Mujer = Girl?

I got a letter from the girl in Nicaragua I sponsor, and was struck by this sentence: "Soy la unica mujer en mi familia ya que tengo 2 hermanos." I have to say, I've never seen mujer translated to mean 'girl.' I wonder if this is a Nicaraguan Spanish thing, or maybe a mistake? I just thought it was interesting, and perhaps am proving I live under a rock, because for all I know, mujer is quite commonly used to mean 'girl' in certain parts of the Spanish-speaking world.


  1. Kelly, I was thinking we used it that way in my Spanish class in Gillette. I'll have to check.

  2. I say I've "never" seen it, but maybe I have at some point in time. At the end of the letter, it refers to her as 'niña,' which, given her age (6), makes more sense, but every country/region is different in their usage. She was helped with the letter by her teacher, and the letter itself has adult penmanship. That's not unusual though, since she's so young and is just developing her writing skills, she's naturally gonna have some assistance.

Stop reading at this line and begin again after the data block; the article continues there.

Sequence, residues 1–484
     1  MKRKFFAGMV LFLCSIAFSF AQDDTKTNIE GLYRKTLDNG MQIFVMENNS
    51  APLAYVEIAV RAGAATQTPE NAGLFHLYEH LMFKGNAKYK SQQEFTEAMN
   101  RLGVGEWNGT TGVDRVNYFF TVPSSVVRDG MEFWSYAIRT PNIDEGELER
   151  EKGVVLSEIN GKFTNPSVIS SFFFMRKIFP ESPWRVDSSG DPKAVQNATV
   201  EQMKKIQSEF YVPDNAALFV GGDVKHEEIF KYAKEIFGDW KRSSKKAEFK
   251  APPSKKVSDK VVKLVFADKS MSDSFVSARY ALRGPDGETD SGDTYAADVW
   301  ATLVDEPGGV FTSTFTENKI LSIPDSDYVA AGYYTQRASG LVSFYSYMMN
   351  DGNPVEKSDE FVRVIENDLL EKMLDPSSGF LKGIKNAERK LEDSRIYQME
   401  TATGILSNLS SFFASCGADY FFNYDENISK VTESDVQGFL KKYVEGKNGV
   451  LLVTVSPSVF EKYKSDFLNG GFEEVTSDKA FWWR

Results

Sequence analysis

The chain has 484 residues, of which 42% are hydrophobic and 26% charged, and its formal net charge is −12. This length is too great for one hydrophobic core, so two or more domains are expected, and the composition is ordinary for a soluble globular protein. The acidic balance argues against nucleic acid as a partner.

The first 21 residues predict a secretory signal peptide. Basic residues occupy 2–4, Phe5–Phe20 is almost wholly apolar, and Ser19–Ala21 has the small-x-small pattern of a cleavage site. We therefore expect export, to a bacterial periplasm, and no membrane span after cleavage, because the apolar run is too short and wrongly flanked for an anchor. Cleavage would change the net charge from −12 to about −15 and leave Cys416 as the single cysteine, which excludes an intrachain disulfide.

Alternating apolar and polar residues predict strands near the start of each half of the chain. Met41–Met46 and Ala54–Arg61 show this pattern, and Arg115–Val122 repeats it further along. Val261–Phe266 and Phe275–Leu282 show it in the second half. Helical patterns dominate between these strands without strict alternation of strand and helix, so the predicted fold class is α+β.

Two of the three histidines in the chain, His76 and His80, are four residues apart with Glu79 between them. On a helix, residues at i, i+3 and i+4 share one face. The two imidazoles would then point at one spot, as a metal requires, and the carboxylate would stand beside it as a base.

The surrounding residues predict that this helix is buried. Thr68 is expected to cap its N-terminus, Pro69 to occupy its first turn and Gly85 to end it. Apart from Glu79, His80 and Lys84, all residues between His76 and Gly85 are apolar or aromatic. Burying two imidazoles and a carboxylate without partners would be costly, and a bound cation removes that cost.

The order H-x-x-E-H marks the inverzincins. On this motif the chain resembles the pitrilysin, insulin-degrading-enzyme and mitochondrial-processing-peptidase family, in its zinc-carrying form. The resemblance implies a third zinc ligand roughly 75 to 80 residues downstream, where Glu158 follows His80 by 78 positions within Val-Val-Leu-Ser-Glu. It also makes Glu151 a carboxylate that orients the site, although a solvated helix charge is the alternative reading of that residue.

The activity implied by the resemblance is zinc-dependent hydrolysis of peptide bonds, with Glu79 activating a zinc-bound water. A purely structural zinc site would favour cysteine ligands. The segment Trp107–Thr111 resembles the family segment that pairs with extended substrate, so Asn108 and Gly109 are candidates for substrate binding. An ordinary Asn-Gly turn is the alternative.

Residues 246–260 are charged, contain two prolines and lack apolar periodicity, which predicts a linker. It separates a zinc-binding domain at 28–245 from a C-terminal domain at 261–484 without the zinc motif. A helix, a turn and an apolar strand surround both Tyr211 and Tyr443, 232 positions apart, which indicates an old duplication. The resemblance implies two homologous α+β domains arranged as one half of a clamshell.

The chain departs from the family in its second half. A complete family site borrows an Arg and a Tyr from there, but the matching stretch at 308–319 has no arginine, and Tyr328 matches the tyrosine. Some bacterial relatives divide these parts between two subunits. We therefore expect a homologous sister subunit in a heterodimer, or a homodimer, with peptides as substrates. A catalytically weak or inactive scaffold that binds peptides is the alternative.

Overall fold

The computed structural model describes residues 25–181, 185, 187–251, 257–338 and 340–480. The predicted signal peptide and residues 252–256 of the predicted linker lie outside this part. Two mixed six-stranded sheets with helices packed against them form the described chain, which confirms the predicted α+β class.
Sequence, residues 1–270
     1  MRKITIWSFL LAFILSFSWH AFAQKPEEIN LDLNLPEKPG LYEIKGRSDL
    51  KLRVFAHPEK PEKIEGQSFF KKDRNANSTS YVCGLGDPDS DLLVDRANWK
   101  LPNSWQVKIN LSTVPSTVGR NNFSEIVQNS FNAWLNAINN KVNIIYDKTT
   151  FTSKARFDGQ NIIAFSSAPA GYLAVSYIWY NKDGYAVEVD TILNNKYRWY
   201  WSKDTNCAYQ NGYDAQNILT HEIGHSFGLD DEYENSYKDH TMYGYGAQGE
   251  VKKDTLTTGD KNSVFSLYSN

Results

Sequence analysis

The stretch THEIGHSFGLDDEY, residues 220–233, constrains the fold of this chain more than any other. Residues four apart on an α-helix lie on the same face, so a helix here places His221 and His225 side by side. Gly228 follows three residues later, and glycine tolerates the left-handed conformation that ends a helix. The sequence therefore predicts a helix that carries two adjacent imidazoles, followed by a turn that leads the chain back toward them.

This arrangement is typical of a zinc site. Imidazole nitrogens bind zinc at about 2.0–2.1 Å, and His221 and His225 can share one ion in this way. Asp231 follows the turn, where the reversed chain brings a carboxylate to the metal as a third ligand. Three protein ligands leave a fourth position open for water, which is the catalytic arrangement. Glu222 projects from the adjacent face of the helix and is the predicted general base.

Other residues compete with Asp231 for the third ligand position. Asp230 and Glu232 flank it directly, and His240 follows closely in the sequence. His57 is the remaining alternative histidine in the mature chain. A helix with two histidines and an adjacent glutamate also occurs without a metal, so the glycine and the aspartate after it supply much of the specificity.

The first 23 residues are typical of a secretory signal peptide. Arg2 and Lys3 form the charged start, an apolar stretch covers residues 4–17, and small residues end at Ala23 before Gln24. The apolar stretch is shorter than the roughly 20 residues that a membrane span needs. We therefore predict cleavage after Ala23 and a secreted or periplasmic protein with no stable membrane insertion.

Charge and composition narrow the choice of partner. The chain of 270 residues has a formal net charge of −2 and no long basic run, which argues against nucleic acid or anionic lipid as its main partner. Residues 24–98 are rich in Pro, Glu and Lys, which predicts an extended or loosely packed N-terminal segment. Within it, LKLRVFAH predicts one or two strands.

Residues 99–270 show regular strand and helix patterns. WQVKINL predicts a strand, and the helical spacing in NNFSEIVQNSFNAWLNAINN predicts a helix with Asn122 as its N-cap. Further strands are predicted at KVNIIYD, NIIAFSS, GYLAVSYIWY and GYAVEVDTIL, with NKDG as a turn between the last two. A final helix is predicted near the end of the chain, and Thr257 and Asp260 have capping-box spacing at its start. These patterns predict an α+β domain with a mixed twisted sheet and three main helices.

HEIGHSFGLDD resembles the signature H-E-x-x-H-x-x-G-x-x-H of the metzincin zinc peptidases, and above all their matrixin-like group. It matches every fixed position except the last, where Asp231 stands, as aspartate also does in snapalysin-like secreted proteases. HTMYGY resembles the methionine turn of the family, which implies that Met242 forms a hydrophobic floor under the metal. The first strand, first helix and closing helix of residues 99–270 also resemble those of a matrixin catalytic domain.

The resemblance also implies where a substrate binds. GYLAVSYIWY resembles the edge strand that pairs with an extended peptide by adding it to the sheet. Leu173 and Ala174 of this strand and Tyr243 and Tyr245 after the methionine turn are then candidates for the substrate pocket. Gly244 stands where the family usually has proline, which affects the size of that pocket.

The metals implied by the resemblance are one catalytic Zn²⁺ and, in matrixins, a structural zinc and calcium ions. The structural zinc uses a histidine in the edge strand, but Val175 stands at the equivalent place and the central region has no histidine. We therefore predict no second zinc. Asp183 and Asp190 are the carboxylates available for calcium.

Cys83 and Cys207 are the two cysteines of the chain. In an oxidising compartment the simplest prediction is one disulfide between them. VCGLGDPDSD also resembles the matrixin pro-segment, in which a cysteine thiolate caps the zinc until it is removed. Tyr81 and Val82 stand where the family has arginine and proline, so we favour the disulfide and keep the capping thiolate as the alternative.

3. I wonder if it might be just quite a casual thing to interchange this usage like this, maybe in a semi-jokey manner. I can imagine a situation where the mother went away for a while and someone saying to the little girl, 'you are the woman of the house now'.

  4. It's been months since this was posted, but...

    In that sentence, "mujer" doesn't translate to "girl". She uses "mujer" to express that she is the only female in the family. The words mujer/hombre can refer to gender regardless of age.

  5. Oh okay, thanks. That does make sense. :)


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